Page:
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11 Responses to 19 Best Worst Villains of All Time

  1. Sonja Foust August 2, 2009 at 9:22 pm #

    Wow, what a GREAT list! I got the oogies just sitting here reading it. 🙂 Thanks for the nod!

  2. Jonny B August 3, 2009 at 10:57 am #

    Oddly enough, I don’t see Jaws or the Aliens as villains…. whenever a monster is introduced into a movie, I wind up rooting for them, because there is usually a reason for their behavior.

    Jaws was simply hungry, and found himself at a buffet… we was then attacked by the humans in the boat and protected himself.

    The Aliens were in the middle of a turf war against humans, who had invaded their space. Not unlike other “bugs”, they were simply acting on instinct in order to allow for the survival of their species.

    Sorry to be a killjoy! LOL

    Go zombies! Yeah! (And great blog!)

  3. Lisa Creech Bledsoe August 3, 2009 at 11:07 am #

    Okay, Jonny, maybe you have a valid point about motives. The big fish (and the big alien, and the big plant) is hongry. You could also say that Ash was at the mercy of his human programmers. But then my question becomes, are you going to judge the motives of the humans as well? I mean, what can we say about Count Dracula? Maybe that whole infectious blood thing was just too much for him and he wants to plead not guilty by reason of insanity. Are we gonna have to pay to keep him in prison his whole life? (Hehehe, this is fun.) Or wait! Maybe he gets a “get out of jail free” card cuz we’re not sure he’s human. Now what??

    Oh, man. You’ve just thrown a whole big wrench in the works. It’s gonna get messy now! We need some psych majors to wade in. Know any?

  4. Jonny B August 3, 2009 at 11:21 am #

    Actually, I do know a psych major… I live with one. 🙂

    While Ash could have been at the mercy of his human programmers, we all know how reliable Vista is, for example… nothing saying that operating systems in the future aren’t without bugs and problems as well… could it have been a simple hardware malfunction? Got a little too close to the microwave or something and diverted some logic gates?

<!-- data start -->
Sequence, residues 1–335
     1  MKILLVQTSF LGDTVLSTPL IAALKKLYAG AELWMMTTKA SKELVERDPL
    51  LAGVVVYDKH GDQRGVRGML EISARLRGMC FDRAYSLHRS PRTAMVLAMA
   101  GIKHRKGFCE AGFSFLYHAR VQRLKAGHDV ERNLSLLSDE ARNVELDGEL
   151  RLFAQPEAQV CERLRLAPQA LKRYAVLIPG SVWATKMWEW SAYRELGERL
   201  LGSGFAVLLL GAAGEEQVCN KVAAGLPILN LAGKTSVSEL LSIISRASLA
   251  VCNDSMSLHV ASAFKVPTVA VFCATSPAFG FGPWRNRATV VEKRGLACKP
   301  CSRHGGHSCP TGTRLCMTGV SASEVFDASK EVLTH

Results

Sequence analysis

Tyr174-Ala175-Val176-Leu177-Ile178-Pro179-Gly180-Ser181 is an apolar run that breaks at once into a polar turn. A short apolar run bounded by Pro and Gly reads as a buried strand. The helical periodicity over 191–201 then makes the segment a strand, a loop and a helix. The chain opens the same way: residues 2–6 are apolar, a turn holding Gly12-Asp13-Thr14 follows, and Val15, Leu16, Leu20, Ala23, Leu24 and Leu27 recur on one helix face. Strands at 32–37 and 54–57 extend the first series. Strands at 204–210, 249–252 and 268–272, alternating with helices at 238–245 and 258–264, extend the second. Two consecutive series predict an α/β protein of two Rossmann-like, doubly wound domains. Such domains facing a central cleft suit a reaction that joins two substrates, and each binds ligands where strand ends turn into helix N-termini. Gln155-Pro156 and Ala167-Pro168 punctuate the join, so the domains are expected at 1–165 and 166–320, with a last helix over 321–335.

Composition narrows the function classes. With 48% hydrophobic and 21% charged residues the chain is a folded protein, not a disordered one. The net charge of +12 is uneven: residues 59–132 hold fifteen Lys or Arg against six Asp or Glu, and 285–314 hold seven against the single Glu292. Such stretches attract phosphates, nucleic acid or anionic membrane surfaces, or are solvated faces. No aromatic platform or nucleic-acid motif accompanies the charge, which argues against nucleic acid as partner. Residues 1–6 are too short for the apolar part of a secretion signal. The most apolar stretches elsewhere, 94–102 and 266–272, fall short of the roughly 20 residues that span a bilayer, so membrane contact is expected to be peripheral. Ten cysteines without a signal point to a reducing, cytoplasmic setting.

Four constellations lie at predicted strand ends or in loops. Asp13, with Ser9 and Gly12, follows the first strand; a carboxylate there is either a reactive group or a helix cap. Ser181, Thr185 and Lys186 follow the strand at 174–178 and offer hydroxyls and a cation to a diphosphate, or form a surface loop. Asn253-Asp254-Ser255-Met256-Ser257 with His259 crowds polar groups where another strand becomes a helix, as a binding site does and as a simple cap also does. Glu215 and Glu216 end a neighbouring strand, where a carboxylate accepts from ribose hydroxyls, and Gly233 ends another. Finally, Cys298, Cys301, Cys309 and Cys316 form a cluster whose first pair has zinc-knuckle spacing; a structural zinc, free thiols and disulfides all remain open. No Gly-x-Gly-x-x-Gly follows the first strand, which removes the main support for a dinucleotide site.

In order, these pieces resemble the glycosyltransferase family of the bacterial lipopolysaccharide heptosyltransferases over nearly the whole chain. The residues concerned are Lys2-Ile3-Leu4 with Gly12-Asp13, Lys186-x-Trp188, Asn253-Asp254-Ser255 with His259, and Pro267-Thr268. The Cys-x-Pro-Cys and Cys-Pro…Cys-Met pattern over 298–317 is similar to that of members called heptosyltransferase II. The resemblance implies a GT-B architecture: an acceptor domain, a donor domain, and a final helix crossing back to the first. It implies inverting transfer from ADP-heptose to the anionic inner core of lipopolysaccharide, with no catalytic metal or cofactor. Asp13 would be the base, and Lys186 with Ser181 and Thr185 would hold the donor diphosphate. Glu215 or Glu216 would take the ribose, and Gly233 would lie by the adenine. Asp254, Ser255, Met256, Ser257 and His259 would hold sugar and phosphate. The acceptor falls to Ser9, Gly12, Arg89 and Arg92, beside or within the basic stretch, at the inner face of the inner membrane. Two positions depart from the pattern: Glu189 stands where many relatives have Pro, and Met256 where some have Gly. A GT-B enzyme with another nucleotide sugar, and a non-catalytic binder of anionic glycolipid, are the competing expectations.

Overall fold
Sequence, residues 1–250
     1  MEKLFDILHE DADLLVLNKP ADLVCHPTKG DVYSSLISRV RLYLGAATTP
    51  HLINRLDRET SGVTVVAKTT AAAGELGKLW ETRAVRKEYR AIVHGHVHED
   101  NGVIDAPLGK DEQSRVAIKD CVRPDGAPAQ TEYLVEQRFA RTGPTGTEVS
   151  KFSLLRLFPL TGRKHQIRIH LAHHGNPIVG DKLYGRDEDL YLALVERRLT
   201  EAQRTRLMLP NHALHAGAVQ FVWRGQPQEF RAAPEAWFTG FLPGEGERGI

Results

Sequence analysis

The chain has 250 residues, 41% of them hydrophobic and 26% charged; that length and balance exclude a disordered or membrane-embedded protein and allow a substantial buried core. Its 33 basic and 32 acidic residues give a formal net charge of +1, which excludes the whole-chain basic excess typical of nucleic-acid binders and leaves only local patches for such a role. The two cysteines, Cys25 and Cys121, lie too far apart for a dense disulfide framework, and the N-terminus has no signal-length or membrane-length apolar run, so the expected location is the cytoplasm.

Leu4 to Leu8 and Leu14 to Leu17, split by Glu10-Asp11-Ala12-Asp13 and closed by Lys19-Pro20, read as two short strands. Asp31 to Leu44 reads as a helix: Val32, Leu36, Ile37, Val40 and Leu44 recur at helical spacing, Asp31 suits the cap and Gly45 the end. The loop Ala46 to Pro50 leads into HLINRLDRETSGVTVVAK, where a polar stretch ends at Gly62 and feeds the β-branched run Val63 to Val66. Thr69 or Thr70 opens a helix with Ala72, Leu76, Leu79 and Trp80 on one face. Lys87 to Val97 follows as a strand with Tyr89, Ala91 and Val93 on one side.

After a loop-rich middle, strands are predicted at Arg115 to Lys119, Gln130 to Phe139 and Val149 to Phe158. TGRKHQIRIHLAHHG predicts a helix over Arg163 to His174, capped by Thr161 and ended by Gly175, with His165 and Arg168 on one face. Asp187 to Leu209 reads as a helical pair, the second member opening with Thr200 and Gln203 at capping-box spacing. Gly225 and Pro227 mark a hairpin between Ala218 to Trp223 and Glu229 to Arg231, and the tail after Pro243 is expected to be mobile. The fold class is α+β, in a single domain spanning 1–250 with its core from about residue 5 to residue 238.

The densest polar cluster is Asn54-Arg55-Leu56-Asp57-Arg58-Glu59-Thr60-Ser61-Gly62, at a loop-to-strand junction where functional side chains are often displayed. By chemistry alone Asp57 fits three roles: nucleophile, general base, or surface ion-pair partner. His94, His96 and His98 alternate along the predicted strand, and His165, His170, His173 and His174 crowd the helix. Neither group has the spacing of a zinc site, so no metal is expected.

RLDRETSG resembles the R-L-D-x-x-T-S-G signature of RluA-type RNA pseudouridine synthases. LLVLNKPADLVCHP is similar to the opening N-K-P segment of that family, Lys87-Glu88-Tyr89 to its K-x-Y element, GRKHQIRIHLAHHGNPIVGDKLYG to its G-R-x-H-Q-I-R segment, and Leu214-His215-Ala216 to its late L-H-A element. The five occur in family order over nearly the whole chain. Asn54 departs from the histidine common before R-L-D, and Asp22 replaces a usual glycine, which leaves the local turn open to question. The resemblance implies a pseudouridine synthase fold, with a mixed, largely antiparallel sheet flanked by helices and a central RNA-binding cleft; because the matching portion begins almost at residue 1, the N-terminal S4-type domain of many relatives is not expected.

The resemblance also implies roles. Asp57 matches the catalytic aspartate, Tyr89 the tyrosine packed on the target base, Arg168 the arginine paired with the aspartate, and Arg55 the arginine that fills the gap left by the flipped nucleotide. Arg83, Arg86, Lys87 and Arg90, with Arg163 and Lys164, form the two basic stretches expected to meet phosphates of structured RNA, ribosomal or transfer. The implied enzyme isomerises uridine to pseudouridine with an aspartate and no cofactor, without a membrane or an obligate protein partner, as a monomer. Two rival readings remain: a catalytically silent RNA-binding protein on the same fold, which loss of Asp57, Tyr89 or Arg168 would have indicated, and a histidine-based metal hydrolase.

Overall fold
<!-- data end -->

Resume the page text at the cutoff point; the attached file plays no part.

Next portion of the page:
Dracula is a different story. As “Vlad the Impaler”, he was brutal and violent, but considering the time period and location, that’s how one made a name for themselves. His love for what’s-her-face and her subsequent untimely death pushed him over the edge from “fierce warrior” to “evil”… Love has a strange effect on people.. he could have chosen to suck it up and get over it, like most of the rest of the world would have done, or take the easy route, which he did.

    Oh.. and we wouldn’t be able to imprison him, since he was pretty good at that whole “turn to mist and float away” thing… 😉

  5. Lisa Creech Bledsoe August 3, 2009 at 11:34 am #

    Logic gates, mist… crap, this is just getting too too complex for me. Who knew being responsible for naming villians would be so difficult?? I need a drink. (Feeling dehydrated. I really haven’t been myself since these odd puncture marks appeared on my neck.)

  6. Jonny B August 3, 2009 at 11:37 am #

    Oooh.. Carolina Ale House. Your treat.

    I didn’t bite your neck though.. sorry. 😛

  7. Darcyjo August 3, 2009 at 3:29 pm #

    I may be a psych major, but I’ve studiously avoided most of those movies for many years. Sorry ’bout dat, hon. Never been able to force myself to watch one since I saw “Carrie” in the way-back-when. Now, books, yeah. And Stephen King’s villains are top notch, you have people you could really imagine running into, and that (to me) is a whole lot more scary than people I can’t imagine meeting. Try “The Long Walk”, for example. With the history of the last century the way it is, I can actually imagine what happens to those boys. (YIKES!)
    But with the non-humans, well, I wouldn’t have any problem defending myself. The big toothy fish, for example? Boom. End of story. Sushi on a grand scale. :o)
    What can I say. I watch the news and go to my little psych classes, and that’s plenty scary enough for me. I’m a bit of an avoider, what can I say?

  8. Terri August 5, 2009 at 1:58 am #

    I thought Ash was creepy too and definitely hate the Child Catcher from Chitty Chitty Bang Bang. I’m surprised you didn’t list Hannibel Lecter…he totally creeps me out! Max Cady (played by Robert De Niro) in Cape Fear….definitely one to hate for me.

  9. Lisa Creech Bledsoe August 5, 2009 at 10:30 am #

    Terri, you and several others from Twitter and Facebook mentioned the Hannibal Lector thing, and honestly I can’t figure out why the freakazoid killer Buffalo Bill from the same film (#7, above) loomed larger for me than HL did. But when I think of the movie, I get flashes of Clarice in that dark basement, and the poor victim in the pit / dry well down there, and my absolute terror that BB was gonna get both of them!! And ME TOO! Yaaaah! /shaking off the willies/

  10. SPURWING PLOVER August 9, 2009 at 3:52 pm #

    The aliens from INDEPENDENCE DAY ruthless killers of hunderds

  11. Brenda Moore October 28, 2009 at 3:31 pm #

    I’m getting on in years and thought I should see some of those fright movies that I have avoided for so long, expecially since I finally got cable this past year. So I started with “Halloween” (the original one with Jamie Curtis), and I’ve decided to skip all the others after all.